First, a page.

16. Nuclear Models

    SciTech Connect (OSTI)

    Fossion, Ruben [Instituto de Ciencias Nucleares, Universidad Nacional Autonoma de Mexico, Apartado Postal 70-543, Mexico D. F., C.P. 04510 (Mexico)

    2010-09-10

    The atomic nucleus is a typical example of a many-body problem. On the one hand, the number of nucleons (protons and neutrons) that constitute the nucleus is too large to allow for exact calculations. On the other hand, the number of constituent particles is too small for the individual nuclear excitation states to be explained by statistical methods. Another problem, particular for the atomic nucleus, is that the nucleon-nucleon (n-n) interaction is not one of the fundamental forces of Nature, and is hard to put in a single closed equation. The nucleon-nucleon interaction also behaves differently between two free nucleons (bare interaction) and between two nucleons in the nuclear medium (dressed interaction).Because of the above reasons, specific nuclear many-body models have been devised of which each one sheds light on some selected aspects of nuclear structure. Only combining the viewpoints of different models, a global insight of the atomic nucleus can be gained. In this chapter, we revise the the Nuclear Shell Model as an example of the microscopic approach, and the Collective Model as an example of the geometric approach. Finally, we study the statistical properties of nuclear spectra, basing on symmetry principles, to find out whether there is quantum chaos in the atomic nucleus. All three major approaches have been rewarded with the Nobel Prize of Physics. In the text, we will stress how each approach introduces its own series of approximations to reduce the prohibitingly large number of degrees of freedom of the full many-body problem to a smaller manageable number of effective degrees of freedom.

  17. 2013 Nuclear Workforce Development ...

    Broader source: All U.S. Department of Energy (DOE) Office Webpages (Extended Search)

    Nuclear Energy Impact Topics: Today's & Tomorrow's New Nuclear Energy Construction & the Workforce Outlook Current New Nuclear Energy Construction Projects Small Modular...

  18. Nuclear Science & Technology

    Broader source: All U.S. Department of Energy (DOE) Office Webpages (Extended Search)

    Nuclear Science & Technology Nuclear Science & Technology1354608000000Nuclear Science & TechnologySome of these resources are LANL-only and will require Remote Access. No...

  19. Nuclear Navy United States Atomic Energy Commission Historical...

    Office of Energy Efficiency and Renewable Energy (EERE) Indexed Site

    ... Carolina Electric & Gas Co., Nov. 14, 1953, ... Organization for Ships," Naval Engineers Journal 79 (Oct. 1967): 833-38. For a generic description of project management see D. ...

  20. International training course on implementation of state systems of accounting for and control of nuclear materials: proceedings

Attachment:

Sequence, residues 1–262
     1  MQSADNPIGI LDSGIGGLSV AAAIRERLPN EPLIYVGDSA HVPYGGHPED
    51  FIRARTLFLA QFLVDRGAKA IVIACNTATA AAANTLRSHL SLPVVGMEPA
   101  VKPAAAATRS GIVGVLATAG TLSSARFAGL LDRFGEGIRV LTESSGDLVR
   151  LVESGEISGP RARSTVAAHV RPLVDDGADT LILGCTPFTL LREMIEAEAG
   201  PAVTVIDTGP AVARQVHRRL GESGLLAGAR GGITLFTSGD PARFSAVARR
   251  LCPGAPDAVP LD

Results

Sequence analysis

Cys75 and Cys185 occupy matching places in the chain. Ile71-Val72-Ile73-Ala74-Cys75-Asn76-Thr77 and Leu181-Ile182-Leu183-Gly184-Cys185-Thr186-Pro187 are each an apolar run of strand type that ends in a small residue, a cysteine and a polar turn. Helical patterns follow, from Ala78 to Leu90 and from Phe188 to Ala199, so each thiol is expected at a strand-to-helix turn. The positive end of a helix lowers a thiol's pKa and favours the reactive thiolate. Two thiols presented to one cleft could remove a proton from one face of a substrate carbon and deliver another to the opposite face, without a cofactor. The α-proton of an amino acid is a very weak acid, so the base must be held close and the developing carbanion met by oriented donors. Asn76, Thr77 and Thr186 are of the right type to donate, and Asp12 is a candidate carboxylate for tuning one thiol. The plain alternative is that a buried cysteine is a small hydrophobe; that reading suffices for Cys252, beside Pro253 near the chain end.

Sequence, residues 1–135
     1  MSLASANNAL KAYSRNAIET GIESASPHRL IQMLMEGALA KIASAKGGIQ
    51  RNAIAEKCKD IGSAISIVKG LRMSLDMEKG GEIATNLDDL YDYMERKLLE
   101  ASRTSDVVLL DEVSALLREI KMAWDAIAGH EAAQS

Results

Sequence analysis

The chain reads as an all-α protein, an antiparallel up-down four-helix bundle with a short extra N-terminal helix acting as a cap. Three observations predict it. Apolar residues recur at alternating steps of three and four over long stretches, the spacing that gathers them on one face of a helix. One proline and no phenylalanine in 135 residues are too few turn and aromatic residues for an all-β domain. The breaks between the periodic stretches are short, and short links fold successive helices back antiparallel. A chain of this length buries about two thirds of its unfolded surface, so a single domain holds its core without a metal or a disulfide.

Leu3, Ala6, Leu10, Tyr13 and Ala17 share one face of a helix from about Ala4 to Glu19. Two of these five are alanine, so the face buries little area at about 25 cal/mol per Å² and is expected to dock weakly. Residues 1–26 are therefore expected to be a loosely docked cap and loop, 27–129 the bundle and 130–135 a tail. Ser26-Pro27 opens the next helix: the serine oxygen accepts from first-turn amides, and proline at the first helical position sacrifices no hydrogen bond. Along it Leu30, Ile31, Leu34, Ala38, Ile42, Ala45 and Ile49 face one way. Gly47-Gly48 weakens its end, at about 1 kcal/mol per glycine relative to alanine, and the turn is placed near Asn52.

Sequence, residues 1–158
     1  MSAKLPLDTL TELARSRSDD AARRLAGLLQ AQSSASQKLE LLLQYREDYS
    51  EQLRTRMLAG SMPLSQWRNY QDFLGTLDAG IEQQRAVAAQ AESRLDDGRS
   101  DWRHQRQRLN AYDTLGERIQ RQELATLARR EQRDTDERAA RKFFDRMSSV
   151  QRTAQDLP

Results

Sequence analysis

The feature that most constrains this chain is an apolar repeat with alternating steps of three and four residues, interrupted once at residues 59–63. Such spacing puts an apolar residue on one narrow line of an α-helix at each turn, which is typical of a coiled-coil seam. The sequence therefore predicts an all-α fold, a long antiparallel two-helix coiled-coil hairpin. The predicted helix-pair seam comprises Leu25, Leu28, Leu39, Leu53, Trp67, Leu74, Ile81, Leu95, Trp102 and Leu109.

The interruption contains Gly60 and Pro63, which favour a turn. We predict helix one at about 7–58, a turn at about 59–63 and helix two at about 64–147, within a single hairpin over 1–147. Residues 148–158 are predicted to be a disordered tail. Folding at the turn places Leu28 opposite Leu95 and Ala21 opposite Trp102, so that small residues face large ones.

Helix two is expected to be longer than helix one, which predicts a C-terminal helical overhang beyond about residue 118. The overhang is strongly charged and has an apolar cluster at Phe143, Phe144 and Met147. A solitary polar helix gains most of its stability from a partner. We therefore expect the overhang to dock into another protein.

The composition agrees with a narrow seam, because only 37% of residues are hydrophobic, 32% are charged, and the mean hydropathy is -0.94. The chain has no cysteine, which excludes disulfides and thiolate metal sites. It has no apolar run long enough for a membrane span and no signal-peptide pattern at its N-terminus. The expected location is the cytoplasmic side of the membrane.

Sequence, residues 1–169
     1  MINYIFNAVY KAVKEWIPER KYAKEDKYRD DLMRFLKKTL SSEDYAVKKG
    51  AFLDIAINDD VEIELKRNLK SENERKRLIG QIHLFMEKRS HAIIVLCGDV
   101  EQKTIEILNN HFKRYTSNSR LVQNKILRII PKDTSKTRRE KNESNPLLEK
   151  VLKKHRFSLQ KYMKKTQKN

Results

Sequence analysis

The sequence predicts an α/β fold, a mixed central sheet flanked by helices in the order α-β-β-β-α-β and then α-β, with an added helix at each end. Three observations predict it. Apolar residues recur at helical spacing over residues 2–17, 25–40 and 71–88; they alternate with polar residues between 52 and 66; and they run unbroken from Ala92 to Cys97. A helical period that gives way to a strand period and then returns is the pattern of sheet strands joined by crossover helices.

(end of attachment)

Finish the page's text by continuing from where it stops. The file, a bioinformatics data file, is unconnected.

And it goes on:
SciTech Connect (OSTI)

    Not Available

    1986-06-01

    This report incorporates all lectures and presentations at the International Training Course on Implementation of State Systems of Accounting for and Control of Nuclear Materials held June 3 through June 21, 1985, at Santa Fe and Los Alamos, New Mexico, and San Clemente, California. Authorized by the US Nuclear Non-Proliferation Act and sponsored by the US Department of Energy in cooperation with the International Atomic Energy Agency, the Course was developed to provide practical training in the design, implementation, and operation of a state system of nuclear materials accountability and control that satisfies both national and international safeguards requirements. Major emphasis for the 1985 course was placed on safeguards methods used at item-control facilities, particularly nuclear power generating stations and test reactors. An introduction to safeguards methods used at bulk handling facilities, particularly low-enriched uranium conversion and fuel fabrication plants, was also included. The course was conducted by the University of California's Los Alamos National Laboratory and the Southern California Edison Company. Tours and demonstrations were arranged at the Los Alamos National Laboratory, Los Alamos, New Mexico, and the San Onofre Nuclear Generating Station, San Clemente, California.

  1. Nuclear and Radiological Material Security | National Nuclear...

    National Nuclear Security Administration (NNSA)

    This includes NNSA's work to advance physical protection standards for nuclear facilities and to strengthen nuclear safeguards, which are criteria for the physical security and the ...

  2. nuclear safeguards | National Nuclear Security Administration

    National Nuclear Security Administration (NNSA)

    Home nuclear safeguards nuclear safeguards Working With PNNL Mentors, Engineering Students Deliver Prototype Safeguards Fixtures Earlier this month, Washington State University...

  3. Nuclear Suppliers Group & Regimes | National Nuclear Security...

    National Nuclear Security Administration (NNSA)

    | National Nuclear Security Administration Facebook Twitter Youtube Flickr RSS People Mission Managing the Stockpile Preventing Proliferation Powering the Nuclear Navy Emergency ...

  4. Nuclear Energy Systems Laboratory (NESL) / Transient Nuclear...

    Broader source: All U.S. Department of Energy (DOE) Office Webpages (Extended Search)